Here we are, the final week of August!
And the hot weather is supposed to break today, at least in Bologna, where I live.
We’re looking forward to a storm, plenty of rain, and a welcome drop in temperature – from the mid-thirties to the mid-twenties!
The final week of August in Italy, besides being when the unpleasantly hot weather starts to subside, is also the moment that a lot of people start back at work after what is typically a two-week break (longer, ideally!)
Italians spend their vacations at the beach, in the mountains, or a bit of both, so as to satisfy everyone in the family. Pre-pandemic, perhaps a trip abroad, for those with the money and the language skills. Italians are enthusiastic globe-trotters in normal times.
We’ve been stuck here all summer, though, partly because of the travel restrictions, partly because of our kids, who were respectively working, studying/taking exams, coming home from ‘estero’ for the first time in a year.
On the plus side, for the last few weeks, it was feasible to drive places and actually park the car somewhere adjacent to our destination. Which was just as well, as few buses were running and it was way too hot for motorcycling!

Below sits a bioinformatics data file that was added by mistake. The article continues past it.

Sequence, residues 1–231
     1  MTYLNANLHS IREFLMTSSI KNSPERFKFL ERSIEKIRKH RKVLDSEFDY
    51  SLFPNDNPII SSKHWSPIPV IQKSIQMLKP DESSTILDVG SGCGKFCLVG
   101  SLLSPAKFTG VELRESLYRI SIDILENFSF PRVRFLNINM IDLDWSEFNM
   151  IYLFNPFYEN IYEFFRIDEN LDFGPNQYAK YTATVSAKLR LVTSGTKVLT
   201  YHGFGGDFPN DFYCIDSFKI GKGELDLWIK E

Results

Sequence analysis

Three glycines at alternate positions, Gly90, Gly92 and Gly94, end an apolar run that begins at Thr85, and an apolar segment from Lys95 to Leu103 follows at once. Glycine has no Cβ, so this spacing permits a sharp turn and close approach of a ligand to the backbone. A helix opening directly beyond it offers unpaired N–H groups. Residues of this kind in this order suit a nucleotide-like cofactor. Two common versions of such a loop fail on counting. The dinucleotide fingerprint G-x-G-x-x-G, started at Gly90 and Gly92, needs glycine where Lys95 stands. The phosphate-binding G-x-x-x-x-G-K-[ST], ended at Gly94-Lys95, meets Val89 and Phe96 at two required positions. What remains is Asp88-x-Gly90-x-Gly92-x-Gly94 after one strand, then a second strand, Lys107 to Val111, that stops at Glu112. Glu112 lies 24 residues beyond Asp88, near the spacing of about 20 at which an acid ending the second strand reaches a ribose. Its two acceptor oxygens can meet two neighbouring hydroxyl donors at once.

From today, however, and for the next eleven months, finding a free parking space will be time-consuming and frustrating – living in a beautiful, medieval city has its disadvantages… But public transport will be up and running once more, and for the next three weeks it should be blessedly free of noisy school children.
Never been to Bologna? It’s where we have our Italian school! And the best times to visit are the fall/autumn and the spring. Just saying…
Talking of medieval cities, I’ve previously mentioned the fall of Constantinople to the Turks in 1453. It’s the only historical date I manage to remember effortlessly, probably because I lived in Turkey for three years and people there would not shut up about it.
But anyway, did you know that that same, Christian Orthodox, medieval mega-city, which was more or less the center of the world for the thousand years since Rome had been under the pope’s poor management, had already been totally trashed, two hundred and fifty years before?
In happened in in 1203, but that time the culprits were fellow Christians!
Find out more in Episode 19 of our free 30-part Summer Series of articles with audio:
Missed ‘Le corciate, prima parte’?
Don’t fret – you can find it easily, along with all the earlier episodes, on our History page.
Scroll down past the Romans.